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Pierce v. Pierce (12/5/97), 949 P 2d 498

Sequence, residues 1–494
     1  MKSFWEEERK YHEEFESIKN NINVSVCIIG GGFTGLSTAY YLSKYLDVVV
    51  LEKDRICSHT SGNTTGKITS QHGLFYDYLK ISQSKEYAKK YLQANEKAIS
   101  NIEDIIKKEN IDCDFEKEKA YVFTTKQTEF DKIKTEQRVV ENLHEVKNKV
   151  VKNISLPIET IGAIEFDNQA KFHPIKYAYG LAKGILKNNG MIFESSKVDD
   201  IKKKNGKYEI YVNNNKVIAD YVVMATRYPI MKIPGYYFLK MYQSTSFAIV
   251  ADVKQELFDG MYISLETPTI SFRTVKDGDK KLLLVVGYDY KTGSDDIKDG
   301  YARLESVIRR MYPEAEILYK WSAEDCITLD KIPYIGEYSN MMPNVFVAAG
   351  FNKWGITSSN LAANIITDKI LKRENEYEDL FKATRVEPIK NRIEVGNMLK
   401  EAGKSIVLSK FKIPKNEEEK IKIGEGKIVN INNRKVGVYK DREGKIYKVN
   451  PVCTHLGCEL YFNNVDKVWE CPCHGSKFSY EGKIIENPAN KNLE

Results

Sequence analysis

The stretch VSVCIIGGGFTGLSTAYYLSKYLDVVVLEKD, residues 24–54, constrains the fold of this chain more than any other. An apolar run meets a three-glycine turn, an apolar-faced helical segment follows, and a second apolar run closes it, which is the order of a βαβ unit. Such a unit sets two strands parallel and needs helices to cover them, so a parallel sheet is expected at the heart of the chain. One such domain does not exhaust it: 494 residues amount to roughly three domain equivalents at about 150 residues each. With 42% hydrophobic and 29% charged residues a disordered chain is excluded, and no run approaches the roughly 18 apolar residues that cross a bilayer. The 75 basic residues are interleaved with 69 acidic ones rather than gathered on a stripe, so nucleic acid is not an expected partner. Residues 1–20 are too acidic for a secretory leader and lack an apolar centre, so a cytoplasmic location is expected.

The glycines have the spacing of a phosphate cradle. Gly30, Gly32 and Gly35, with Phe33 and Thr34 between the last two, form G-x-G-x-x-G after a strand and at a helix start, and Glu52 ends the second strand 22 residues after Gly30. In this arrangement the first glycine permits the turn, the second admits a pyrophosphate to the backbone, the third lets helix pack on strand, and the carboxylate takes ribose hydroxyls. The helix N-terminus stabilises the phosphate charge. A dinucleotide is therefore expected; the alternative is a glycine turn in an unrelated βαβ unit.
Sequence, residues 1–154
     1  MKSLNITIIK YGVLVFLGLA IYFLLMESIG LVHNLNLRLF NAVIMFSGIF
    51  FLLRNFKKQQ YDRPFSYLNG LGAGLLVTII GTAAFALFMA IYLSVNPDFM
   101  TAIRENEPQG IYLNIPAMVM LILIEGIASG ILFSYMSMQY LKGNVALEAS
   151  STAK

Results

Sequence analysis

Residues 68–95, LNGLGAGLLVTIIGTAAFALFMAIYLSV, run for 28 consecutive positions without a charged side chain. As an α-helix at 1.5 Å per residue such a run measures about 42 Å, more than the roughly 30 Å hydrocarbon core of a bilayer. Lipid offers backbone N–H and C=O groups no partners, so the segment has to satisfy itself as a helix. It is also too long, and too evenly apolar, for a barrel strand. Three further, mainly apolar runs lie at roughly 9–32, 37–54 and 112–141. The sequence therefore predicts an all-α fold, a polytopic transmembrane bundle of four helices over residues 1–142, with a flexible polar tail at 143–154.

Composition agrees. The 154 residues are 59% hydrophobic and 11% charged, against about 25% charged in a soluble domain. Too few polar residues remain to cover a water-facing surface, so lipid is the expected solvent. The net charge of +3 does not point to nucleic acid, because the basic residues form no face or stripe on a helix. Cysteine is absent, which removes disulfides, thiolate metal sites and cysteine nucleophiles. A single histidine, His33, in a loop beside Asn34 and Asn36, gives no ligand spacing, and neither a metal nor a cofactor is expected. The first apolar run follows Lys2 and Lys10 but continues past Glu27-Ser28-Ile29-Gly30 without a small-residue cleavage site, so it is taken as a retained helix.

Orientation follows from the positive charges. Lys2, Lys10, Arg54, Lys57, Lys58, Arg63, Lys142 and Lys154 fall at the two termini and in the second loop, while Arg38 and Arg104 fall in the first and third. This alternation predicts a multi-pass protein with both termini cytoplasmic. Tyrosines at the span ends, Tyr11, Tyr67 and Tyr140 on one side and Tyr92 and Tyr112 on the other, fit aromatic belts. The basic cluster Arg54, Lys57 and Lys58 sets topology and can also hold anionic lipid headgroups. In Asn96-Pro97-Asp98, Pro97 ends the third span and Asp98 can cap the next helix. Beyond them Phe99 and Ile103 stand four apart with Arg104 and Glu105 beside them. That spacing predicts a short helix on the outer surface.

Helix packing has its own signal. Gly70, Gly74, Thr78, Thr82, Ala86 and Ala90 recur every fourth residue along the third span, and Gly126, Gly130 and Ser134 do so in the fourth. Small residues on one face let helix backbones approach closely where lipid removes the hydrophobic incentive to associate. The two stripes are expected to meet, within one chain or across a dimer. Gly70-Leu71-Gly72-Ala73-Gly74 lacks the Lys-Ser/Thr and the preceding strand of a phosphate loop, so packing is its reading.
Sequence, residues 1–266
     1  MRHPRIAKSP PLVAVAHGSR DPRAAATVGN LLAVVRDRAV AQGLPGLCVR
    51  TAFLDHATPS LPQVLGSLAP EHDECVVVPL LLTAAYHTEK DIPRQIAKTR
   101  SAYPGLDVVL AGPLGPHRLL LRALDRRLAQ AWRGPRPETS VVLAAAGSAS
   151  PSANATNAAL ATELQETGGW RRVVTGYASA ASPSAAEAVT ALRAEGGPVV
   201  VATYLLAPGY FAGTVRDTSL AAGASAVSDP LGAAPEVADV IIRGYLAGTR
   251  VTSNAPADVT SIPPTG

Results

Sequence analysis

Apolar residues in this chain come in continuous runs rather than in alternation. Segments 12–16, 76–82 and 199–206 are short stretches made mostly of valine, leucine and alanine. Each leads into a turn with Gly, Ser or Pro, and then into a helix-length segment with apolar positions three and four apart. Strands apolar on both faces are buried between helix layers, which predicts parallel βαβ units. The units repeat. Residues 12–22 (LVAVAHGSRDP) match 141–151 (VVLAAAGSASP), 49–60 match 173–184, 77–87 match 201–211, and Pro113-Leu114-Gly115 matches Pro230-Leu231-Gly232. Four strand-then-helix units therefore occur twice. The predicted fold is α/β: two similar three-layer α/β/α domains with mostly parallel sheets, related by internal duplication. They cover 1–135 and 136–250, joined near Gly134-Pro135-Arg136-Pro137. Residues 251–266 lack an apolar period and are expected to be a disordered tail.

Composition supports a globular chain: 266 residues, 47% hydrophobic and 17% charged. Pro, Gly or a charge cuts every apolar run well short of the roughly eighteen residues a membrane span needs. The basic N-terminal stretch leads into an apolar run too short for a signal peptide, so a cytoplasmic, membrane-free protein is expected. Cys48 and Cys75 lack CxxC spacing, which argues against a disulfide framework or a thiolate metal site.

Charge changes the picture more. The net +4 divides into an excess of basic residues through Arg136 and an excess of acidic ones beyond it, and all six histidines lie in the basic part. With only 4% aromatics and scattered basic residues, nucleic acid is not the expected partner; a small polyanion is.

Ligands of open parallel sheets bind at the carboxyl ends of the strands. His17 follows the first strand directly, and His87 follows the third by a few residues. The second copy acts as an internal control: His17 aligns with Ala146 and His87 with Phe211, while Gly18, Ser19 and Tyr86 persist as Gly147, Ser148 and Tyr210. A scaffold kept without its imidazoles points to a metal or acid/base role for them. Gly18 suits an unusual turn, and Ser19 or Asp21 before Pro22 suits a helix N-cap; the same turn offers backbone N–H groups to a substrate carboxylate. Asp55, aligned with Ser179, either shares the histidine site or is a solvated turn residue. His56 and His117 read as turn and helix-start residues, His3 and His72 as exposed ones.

Notice: This opinion is subject to correction before publication in the Pacific Reporter. Readers are requested to bring errors to the attention of the Clerk of the Appellate Courts, 303 K Street, Anchorage, Alaska 99501, phone (907) 264-0608, fax (907) 264-0878. THE SUPREME COURT OF THE STATE OF ALASKA DONALD W. PIERCE, ) ) Supreme Court No. S-7469 Appellant, ) ) Superior Court No. v. ) 3AN-94-4783 CI ) ROXANNE PIERCE, ) O P I N I O N ) Appellee. ) [No. 4914 - December 5, 1997] ______________________________) Appeal from the Superior Court of the State of Alaska, Third Judicial District, Anchorage, John Reese, Judge. Appearances: Margaret A. Hein Oldham, Anchorage, for Appellant. Allison E. Mendel, Mendel & Huntington, Anchorage, for Appellee. Before: Compton, Chief Justice, Matthews, Eastaugh, Fabe, and Bryner, Justices. FABE, Justice. I. INTRODUCTION After the successful conclusion of settlement negotiations in a divorce case, the attorney for Donald Pierce agreed to prepare the final documents. When completing the child custody and support order, Donald's attorney added a new term that had not been agreed upon by the parties during their negotiations. [Fn. 1] The superior court then signed the order. Roxanne Pierce filed a motion for relief from judgment asking the court to delete the term from the final agreement to accurately reflect the settlement agreement of the parties. The superior court granted Roxanne's motion. We affirm. II. FACTS AND PROCEEDINGS Donald and Roxanne Pierce were divorced in April 1995. On March 9, 1995, the parties participated in a settlement conference before Superior Court Judge John Reese during which they reached agreement on all issues of child custody, child support, and property division. As part of the settlement, the parties agreed to joint legal custody of their two minor children. Roxanne was given primary physical custody of the children, and the parties agreed that the children would visit Donald for a minimum of eight weeks every summer, two weeks every other Christmas vacation, and two weeks at spring break. Alaska Rule of Civil Procedure 90.3(a)(3) provides: The court may allow the obligor parent to reduce child support payments up to 50% for any period in which that parent has extended visitation of over 27 consecutive days. The order must specify the amount of the reduction which is allowable if the extended visitation is exercised. (Emphasis added.) During the settlement negotiations the parties did not discuss giving Donald a child support credit during times of extended visitation exceeding twenty-seven days, such as the summer visit, pursuant to Civil Rule 90.3(a)(3). A provision for such a credit was not included in the final settlement. After the settlement conference, Donald's counsel was to draft findings of fact and conclusions of law, as well as a child custody and support order memorializing the March 9, 1995 settlement agreement. In doing so, Donald's counsel inserted a provision in the DR-300 form child custody and support order that was not agreed to in the settlement: a fifty percent child support credit for times of extended visitation pursuant to Rule 90.3(a)(3). Donald admits that his counsel inserted this new provision into the form order knowing that it had not been agreed to as part of the settlement. Donald's attorney then forwarded the documents to Roxanne's counsel for review without highlighting or otherwise calling attention to the changed term. Roxanne's counsel reviewed and approved the final documents before they were submitted to the superior court. She apparently overlooked the addition of the fifty percent extended visitation credit to the DR-300. The superior court signed the final documents on April 25, 1995. Roxanne's counsel later discovered the insertion of the additional provision and filed a motion for relief from judgment asking the court to vacate the child custody and support order and issue an amended order accurately describing the child support arrangement agreed upon at the settlement conference. Roxanne based her motion on Civil Rule 60(a), which provides in relevant part: Clerical mistakes in judgments, orders or other parts of the record and errors therein arising from oversight or omission may be corrected by the court at any time of its own initiative or on the motion of any party and after such notice, if any, as the court orders. Donald opposed Roxanne's motion for relief from judgment, arguing that he should be entitled to the child support credit. Judge Reese found that "[t]he settlement agreement does not include the provision for child support reduction during extended visitation." He thus concluded that Roxanne's "inadvertent signing of the DR[-]300 form should not be binding." Judge Reese granted Roxanne's motion and issued an amended DR-300 without the provision for a child support credit during times of extended visitation. Donald appeals this decision. III. DISCUSSION A. Standard of Review The standard of review for a decision on a motion for relief from judgment is abuse of discretion. See Babinec v. Yabuki, 799 P.2d 1325, 1332 (Alaska 1990). In Gavel v. Alaskan Village, Inc., 423 P.2d 273 (Alaska 1967), this court held that [t]he granting of relief from a judgment is addressed to the sound discretion of the trial court. That court's ruling will not be disturbed except upon a showing of an abuse of discretion, which would be the case only if we were left with the definite and firm conviction on the whole record that the judge had made a mistake . . . . Id. at 277 (footnotes omitted). B. Did the Superior Court Abuse Its Discretion in Granting Roxanne's Motion Pursuant to Civil Rule 60? Roxanne requested that the superior court amend the child custody and support order pursuant to Rule 60(a), reasoning that her counsel had made a clerical error in overlooking the newly inserted settlement term. The trial court granted her motion for relief from judgment without specifying the provision of the rule upon which it relied. We conclude that the superior court's authority to vacate the child custody and support order is found in Civil Rule 60(b)(3), which provides relief from judgment for "fraud . . ., misrepresentation, or other misconduct of an adverse party." (Emphasis added.) We may affirm the superior court's decision on any basis appearing in the record. See Far North Sanitation, Inc. v. Alaska Public Utilities Comm'n, 825 P.2d 867, 869 n.2 (Alaska 1992). Even if a party has not raised a party's misconduct as a basis to set aside a judgment on appeal, the court may set aside a judgment for this reason sua sponte to protect the integrity of the judicial process. See Higgins v. Municipality of Anchorage, 810 P.2d 149, 154 (Alaska 1991). Donald admits that his counsel inserted a child support credit in the DR-300 knowing that the parties had not agreed to such a credit during negotiations. He also does not dispute that his counsel failed to call this new provision to the attention of Roxanne's counsel or the court. Donald contends that his attorney simply inserted a credit to which he was already entitled under Civil Rule 90.3, and that Roxanne accepted that new term when her counsel signed the agreement. However, under Civil Rule 90.3(a)(3), the questions whether an obligor is entitled to the child support credit and the actual amount of the credit, if one is given, are questions left to the discretion of the court. The obligor is not automatically entitled to the credit. It must be negotiated for as part of a divorce settlement. Judge Reese ordered Donald's counsel to draft the settlement agreement and DR-300 as already negotiated and approved by the court. Insertion of a new term without informing Roxanne or the court amounts to an attempt to gain a concession that was not bargained for. Insertion of the credit in the DR-300 was neither an honest mistake nor a legitimate extension of negotiations, as the settlement was already complete when Donald added the new term. If Donald wished to add to the agreement a new term that had not previously been negotiated, his counsel had the obligation to bring the requested change to the attention of Roxanne's attorney. This Donald's counsel failed to do. Rule 60(b)(3) gives the court the authority to remedy such misconduct by a party or an attorney. In fact, the court has a duty to rectify such a wrong to protect the integrity of the judicial process. Id. at 438. We conclude that Judge Reese was correct in amending the agreement to reflect the actual agreement between the parties. C. Did the Trial Court Err in Removing the Extended Visitation Credit from the DR-300? 1. Failure to Raise the Issue Below Bars Donald's Claim. As a general rule, an issue that was not raised in the trial court will not be considered on appeal. See Padgett v. Theus, 484 P.2d 697, 700 (Alaska 1971). This court has made exceptions to the rule when the issue is "not dependent on any new or controverted facts"and "is closely related to [the] trial court theory and could have been gleaned from [the] pleadings." O'Neill Investigations v. Illinois Employers Ins., 636 P.2d 1170, 1175 n.7 (Alaska 1981). Donald did not raise the issue of a child support credit for extended visitation during the parties' settlement negotiations, nor did he file a motion for such a credit before the superior court. To address the issue of the appropriateness of the credit for the first time on appeal would prejudice Roxanne since she did not have the chance to present evidence or counter arguments on this issue below. Furthermore, resolution of the issue could require the consideration of new and controverted facts, such as the expenses Donald will incur while his children are visiting during the summer. Therefore, Donald is barred from raising the issue of his entitlement to a credit for the first time on appeal. 2. The Superior Court Was Not Required To Consider Whether a Credit under Rule 90.3(a)(3) Was Appropriate When the Issue Was Not Raised by the Parties. Donald also contends that the superior court had an independent obligation to consider the appropriateness of a child support credit during times of extended visitation even if this issue was not raised by a party. He claims that the court failed to fulfill this obligation. Donald relies on the following language from Renfro v. Renfro, 848 P.2d 830, 832 (Alaska 1993): Although affording a credit under Rule 90.3(a)(3) is a discretionary decision, that fact does not relieve the superior court of its obligation to consider whether or not to grant a credit. He contends that because the superior court did not make findings demonstrating that it had considered the issue, this court should remand the issue to the superior court so that it may decide whether such a credit is appropriate. However, in Renfro, the obligor parent raised the issue of the credit for extended visitation before the trial court, arguing the entitlement to such a credit. We held that the trial court must consider "any provision of Rule 90.3 whose application is urged by a party where a sufficient factual predicate is established." Renfro, 848 P.2d at 832 (emphasis added). Certainly the trial court does not have an independent obligation to consider the appropriateness of a child support credit during times of extended visitation if the credit is not requested by one of the parties. IV. CONCLUSION We AFFIRM the superior court's order granting Roxanne's motion for relief from judgment and amending the DR-300 to conform to the original settlement agreement of the parties. Furthermore, we hold that Donald is barred from raising his entitlement to the credit for the first time on appeal and that the trial court had no independent duty to consider the issue. FOOTNOTES Footnote 1: Donald's attorney on appeal was not the attorney who prepared the documents in the trial court.